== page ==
What has come to be called “political correctness,” a term that began to gain currency at the start of the academic year last fall, has spread in recent months and has become the focus of an angry national debate, mainly on campuses, but also in the larger arenas of American life.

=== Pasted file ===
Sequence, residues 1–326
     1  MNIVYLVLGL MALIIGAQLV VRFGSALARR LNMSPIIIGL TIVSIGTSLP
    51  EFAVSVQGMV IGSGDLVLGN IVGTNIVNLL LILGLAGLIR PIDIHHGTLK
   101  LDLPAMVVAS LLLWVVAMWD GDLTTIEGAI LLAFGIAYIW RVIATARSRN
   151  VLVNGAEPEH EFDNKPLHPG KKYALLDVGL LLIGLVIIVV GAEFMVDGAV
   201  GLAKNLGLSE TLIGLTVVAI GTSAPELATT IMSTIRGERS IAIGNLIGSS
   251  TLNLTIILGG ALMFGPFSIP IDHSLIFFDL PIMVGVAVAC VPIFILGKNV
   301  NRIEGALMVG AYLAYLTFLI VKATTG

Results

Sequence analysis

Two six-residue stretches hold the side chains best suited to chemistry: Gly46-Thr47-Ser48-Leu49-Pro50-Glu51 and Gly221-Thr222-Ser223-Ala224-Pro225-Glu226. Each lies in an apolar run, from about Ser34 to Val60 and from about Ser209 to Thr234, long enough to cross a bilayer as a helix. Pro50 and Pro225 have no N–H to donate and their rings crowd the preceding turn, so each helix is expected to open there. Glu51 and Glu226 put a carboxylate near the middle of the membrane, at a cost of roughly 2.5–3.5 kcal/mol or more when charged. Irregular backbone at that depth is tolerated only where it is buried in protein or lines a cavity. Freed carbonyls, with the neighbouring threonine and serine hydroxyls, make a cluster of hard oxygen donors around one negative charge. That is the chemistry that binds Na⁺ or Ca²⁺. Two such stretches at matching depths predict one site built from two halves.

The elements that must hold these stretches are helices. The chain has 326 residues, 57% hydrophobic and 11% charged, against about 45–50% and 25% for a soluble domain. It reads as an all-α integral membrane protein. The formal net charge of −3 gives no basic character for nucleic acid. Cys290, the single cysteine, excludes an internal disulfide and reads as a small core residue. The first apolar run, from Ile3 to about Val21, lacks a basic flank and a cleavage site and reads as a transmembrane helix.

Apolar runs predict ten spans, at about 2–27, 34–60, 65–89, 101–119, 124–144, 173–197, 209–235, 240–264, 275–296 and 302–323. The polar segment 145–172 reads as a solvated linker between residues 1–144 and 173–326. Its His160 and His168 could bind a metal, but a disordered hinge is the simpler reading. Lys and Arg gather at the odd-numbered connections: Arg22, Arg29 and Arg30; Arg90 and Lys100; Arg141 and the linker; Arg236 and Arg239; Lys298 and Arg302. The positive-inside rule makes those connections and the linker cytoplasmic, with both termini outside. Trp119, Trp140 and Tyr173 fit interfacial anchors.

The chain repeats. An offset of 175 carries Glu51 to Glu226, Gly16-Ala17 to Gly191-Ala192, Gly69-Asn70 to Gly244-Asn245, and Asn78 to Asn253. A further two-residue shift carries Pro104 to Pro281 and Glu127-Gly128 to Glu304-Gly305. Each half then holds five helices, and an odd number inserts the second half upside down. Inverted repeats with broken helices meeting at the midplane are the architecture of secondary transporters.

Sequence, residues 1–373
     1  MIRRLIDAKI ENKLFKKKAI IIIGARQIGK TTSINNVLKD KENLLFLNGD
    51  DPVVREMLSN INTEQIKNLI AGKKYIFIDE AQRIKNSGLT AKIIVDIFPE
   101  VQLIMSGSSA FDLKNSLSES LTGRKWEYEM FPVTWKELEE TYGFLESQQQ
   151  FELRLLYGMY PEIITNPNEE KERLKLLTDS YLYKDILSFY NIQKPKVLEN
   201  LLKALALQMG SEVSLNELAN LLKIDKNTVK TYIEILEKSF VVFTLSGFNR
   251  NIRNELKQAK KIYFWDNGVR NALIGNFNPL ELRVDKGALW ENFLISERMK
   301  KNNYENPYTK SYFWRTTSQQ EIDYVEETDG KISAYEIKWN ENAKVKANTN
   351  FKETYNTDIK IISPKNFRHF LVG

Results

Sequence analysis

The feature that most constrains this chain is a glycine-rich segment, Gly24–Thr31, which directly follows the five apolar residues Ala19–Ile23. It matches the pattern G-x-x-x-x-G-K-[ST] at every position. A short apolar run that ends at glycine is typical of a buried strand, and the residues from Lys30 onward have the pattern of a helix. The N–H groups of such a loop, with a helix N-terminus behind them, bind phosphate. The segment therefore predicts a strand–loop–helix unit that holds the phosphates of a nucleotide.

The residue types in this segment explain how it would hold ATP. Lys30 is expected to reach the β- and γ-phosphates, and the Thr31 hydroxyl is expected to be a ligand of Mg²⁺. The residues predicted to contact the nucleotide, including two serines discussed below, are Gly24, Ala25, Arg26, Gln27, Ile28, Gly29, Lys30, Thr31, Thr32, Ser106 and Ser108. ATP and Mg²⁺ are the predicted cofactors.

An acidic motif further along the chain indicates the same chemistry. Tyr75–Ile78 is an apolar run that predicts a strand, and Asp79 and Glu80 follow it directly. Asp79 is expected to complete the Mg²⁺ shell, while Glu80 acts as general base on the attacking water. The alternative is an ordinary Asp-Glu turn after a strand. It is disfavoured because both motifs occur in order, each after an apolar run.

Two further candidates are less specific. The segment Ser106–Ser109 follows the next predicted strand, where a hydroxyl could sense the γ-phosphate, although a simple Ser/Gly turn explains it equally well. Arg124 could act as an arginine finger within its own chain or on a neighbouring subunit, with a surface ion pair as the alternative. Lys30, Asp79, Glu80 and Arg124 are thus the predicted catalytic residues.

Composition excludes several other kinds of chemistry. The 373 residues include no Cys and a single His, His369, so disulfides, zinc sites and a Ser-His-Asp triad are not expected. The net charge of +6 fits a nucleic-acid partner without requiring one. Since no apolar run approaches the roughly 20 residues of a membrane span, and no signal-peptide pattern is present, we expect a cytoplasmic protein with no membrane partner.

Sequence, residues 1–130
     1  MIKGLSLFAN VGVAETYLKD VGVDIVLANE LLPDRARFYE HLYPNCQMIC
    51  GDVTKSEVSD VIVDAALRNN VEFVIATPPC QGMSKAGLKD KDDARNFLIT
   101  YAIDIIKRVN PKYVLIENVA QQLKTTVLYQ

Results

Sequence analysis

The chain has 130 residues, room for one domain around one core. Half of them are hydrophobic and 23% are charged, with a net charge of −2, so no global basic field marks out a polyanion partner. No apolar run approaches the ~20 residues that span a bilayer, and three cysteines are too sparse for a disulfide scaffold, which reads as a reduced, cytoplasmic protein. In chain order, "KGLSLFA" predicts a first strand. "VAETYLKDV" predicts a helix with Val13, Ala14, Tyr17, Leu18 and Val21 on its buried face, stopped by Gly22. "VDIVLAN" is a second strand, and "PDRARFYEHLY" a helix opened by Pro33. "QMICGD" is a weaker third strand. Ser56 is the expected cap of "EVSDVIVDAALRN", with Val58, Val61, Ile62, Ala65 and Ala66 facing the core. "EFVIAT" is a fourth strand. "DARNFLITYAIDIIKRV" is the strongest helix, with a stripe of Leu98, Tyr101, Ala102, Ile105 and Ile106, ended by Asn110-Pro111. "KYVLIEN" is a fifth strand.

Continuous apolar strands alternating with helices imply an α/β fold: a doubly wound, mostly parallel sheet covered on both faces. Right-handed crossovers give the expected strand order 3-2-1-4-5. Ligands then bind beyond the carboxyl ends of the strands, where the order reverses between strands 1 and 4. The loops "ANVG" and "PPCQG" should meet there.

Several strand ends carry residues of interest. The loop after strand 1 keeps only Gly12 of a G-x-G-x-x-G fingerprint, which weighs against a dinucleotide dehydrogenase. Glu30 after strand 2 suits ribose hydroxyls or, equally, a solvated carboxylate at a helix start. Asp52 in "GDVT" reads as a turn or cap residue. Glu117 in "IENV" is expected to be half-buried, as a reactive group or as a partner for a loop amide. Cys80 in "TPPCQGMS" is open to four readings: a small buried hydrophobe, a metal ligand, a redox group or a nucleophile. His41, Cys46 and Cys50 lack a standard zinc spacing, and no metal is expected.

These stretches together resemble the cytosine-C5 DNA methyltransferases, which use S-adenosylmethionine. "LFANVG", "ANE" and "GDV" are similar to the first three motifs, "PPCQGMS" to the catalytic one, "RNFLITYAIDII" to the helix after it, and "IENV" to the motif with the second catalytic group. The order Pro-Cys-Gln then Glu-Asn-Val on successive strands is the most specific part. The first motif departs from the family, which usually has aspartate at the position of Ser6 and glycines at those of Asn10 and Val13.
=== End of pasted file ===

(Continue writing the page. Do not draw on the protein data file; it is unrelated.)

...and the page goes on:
The previously obscure far-left term became common currency in the lexicon of the conservative social and political challenges against progressive teaching methods and curriculum changes in the secondary schools and universities of the U.S.[8][44] Policies, behavior, and speech codes that the speaker or the writer regarded as being the imposition of a liberal orthodoxy, were described and criticized as “politically correct”.[14] In May 1991, at a commencement ceremony for a graduating class of the University of Michigan, then U.S. President George H.W. Bush used the term in his speech: “The notion of political correctness has ignited controversy across the land. And although the movement arises from the laudable desire to sweep away the debris of racism and sexism and hatred, it replaces old prejudice with new ones. It declares certain topics off-limits, certain expression off-limits, even certain gestures off-limits.”[45]